Disney’s Club Penguin Island: Igloos
With our new 3D platform, Club Penguin Island had a brand new world where players couldn’t currently create their own home in. Especially since homes (Igloos) were a feature in our last game, there was a hype for what the possible solution could include, and it was something we needed to build quickly – and since the launch of this project coincided with our new platform, it needed to work for mobile and desktop devices.
With this new technology, we needed a space where players could place objects inside a space that they, along with multiple other players, would be accessing at the same time. Some questions included:
- Do we use a grid system?
- How many players can be in an igloo at the same time?
- Do we use a tray system for managing the UI and inventory?
- Should the UI stay up when a player places an item?
There were a lot of questions to consider, and since it was our first cross platform feature, each answer had to work for both (except in areas we wanted a platform-specific UX solution).
Many, many sketches were created in my notebook to determine basic UI/UX including main tray layout, button sizes, connection lost use cases, gestures to complete actions, and interaction animations.
After conversations with our game designer, it moved to a lot of wire-framing, flows, and presenting multiple prototypes through InVision. Since most of the UI had to align with the rest of the game, there were assets I could use while I figured out the UX and flow of a player’s experience, including how it differed for our non-paying players compared to our members.
There were a lot of use cases to consider including:
- What happened when a new or updated igloo was active?
- What happened when an igloo was made private?
- What happened when a user visit’s an igloo made on an old version of the app?
- What happened when a user gets a a phone call while the game is running and the igloo hasn’t saved yet?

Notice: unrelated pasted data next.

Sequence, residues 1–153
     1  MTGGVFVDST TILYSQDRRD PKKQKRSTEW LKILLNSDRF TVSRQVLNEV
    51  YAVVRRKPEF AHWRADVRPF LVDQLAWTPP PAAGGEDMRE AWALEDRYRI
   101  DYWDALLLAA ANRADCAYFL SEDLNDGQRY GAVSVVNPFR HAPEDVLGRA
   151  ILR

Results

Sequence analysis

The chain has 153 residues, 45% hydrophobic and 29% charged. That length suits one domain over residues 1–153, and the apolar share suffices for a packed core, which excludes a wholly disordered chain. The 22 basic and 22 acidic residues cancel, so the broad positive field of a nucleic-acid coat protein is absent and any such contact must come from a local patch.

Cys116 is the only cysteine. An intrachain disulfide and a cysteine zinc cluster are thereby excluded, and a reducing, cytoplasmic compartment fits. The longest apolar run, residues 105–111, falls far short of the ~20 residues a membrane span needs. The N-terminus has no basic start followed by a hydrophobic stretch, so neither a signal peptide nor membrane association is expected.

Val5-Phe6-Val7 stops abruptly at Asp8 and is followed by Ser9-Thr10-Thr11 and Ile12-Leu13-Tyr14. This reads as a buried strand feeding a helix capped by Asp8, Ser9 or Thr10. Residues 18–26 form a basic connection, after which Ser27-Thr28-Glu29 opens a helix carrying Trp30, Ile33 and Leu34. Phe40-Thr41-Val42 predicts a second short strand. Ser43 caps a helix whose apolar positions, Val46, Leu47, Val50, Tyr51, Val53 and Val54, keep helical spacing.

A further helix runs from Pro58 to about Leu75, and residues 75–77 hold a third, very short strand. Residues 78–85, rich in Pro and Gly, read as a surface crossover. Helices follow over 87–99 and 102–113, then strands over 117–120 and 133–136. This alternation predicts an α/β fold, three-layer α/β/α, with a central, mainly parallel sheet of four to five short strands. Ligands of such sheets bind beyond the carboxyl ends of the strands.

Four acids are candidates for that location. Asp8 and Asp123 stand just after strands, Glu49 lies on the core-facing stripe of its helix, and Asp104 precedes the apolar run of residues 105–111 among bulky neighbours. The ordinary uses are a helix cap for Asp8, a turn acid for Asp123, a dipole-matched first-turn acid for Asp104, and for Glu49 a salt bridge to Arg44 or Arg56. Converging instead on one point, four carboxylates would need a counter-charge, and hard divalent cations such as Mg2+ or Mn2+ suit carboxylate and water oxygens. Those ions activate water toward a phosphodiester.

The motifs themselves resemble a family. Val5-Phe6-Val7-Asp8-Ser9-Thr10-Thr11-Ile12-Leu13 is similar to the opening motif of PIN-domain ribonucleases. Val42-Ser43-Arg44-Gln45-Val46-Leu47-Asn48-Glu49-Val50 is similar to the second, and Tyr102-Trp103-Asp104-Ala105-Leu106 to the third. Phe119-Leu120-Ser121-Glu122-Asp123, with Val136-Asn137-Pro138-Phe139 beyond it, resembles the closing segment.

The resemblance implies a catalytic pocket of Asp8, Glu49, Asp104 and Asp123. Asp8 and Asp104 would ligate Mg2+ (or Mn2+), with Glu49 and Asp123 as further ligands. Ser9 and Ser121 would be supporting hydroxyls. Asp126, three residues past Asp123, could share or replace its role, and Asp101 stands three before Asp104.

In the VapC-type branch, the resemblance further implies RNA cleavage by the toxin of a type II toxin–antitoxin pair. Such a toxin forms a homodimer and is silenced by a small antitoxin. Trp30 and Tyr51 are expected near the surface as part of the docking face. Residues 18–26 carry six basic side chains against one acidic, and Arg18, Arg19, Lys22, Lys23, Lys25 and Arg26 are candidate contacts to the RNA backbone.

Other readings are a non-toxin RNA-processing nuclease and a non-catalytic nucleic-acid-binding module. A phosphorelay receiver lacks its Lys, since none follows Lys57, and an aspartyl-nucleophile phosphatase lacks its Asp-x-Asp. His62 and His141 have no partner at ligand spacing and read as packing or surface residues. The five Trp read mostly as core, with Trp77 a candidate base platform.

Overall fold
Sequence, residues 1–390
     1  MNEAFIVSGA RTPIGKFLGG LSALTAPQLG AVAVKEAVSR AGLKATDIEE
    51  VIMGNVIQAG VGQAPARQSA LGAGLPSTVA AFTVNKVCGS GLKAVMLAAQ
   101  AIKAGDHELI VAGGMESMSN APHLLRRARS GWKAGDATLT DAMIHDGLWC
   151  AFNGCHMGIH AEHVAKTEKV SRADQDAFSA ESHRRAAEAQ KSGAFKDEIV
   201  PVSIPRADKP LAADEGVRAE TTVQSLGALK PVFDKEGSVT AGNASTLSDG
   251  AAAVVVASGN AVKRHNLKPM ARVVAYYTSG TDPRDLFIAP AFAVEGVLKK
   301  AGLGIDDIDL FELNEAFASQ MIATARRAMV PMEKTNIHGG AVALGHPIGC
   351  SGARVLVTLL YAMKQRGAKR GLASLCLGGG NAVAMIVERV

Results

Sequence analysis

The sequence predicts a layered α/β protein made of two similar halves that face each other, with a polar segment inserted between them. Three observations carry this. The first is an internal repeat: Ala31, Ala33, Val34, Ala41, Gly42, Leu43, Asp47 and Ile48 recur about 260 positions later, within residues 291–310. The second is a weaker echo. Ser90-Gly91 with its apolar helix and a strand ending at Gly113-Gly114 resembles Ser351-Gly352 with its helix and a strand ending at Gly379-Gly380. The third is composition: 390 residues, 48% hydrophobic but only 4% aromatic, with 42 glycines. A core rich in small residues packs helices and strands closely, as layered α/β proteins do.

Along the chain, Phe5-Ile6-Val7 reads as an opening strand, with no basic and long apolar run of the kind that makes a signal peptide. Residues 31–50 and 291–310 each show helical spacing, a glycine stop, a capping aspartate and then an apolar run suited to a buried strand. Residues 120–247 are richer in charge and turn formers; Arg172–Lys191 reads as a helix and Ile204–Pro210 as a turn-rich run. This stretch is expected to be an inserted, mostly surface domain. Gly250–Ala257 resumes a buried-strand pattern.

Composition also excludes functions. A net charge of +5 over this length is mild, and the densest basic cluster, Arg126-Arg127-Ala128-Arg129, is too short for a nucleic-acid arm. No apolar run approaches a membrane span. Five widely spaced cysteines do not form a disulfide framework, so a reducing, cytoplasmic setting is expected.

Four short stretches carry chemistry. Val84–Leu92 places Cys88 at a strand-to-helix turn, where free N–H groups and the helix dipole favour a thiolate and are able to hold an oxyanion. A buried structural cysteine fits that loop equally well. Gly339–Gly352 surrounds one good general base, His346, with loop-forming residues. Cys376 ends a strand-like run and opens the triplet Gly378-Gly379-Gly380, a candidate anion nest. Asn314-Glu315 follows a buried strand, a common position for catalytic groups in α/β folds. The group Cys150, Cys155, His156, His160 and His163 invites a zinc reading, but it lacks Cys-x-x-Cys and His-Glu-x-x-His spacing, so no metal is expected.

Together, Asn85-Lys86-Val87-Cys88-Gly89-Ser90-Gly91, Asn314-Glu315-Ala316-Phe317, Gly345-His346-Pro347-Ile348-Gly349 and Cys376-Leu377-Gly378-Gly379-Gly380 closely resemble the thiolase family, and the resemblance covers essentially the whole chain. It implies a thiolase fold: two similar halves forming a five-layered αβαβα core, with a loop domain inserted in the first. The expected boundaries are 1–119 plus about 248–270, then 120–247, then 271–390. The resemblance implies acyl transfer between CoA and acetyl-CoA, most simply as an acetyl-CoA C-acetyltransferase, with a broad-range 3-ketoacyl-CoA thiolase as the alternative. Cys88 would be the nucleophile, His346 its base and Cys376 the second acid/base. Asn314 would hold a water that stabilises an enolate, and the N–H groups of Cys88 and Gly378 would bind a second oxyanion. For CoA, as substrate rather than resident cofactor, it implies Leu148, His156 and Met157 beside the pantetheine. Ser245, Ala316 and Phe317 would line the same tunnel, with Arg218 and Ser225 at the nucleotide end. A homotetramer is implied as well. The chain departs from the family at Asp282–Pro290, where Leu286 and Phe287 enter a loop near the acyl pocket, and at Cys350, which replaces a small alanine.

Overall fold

Working closely with our developers ensured we covered all of the bases.
The feature was to be an integral part of players showcasing their personalty and creativity, so while the style fit into the game’s general UI and used the same gestures and feedback, it had its own color palette and special placement in the map and Penguin Phone.
Editing an igloo and choosing items through the igloo inventory
While leading the design on this project, I in turn helped wrangle the pieces together with our producer, Rebecca Warden, and kept a pulse on the overall user experience along with our game designer, Chris Eddy. I worked extremely closely with our many developers, including Dan Lavender, Christopher Adamson, and James Hall who executed the team’s vision beautifully. Implementing the many UI pieces with localization and accessibility tokens as well as the animations into Unity for our devs to hook up was also my responsibility.
Documenting & Playtesting
For months throughout this process, I helped facilitate multiple playtesting sessions and took the lead on collecting data from our testers, compiling it together, and distributing the information in a friendly format to the whole team – these efforts ended up setting standards in our playtest feedback collection (owners for the task, marking completion, etc.).
The feedback to the feature which launched in November 2017 was outstanding – our players loved the ability to create a custom home in a 3D space. The team had a lot of features they wanted to implement but due to scope and time restriction, there were things we had to cut including additional igloo slots, friend-only privacy features, and freeform sizing of items.
Global UI Change
Through the development and player feedback sessions, I learned the value of action buttons with labels. Our main navigation was using symbols as the primary language and after doing some research, I pushed for this change to happen throughout the game vs. just the new feature we were building. I presented the team with a few different options we could implement – once published, the data showed “hidden” features inside our main menu were being accessed more often.
Over time, we added additional features such as item duplication and the Igloo List which promoted social play.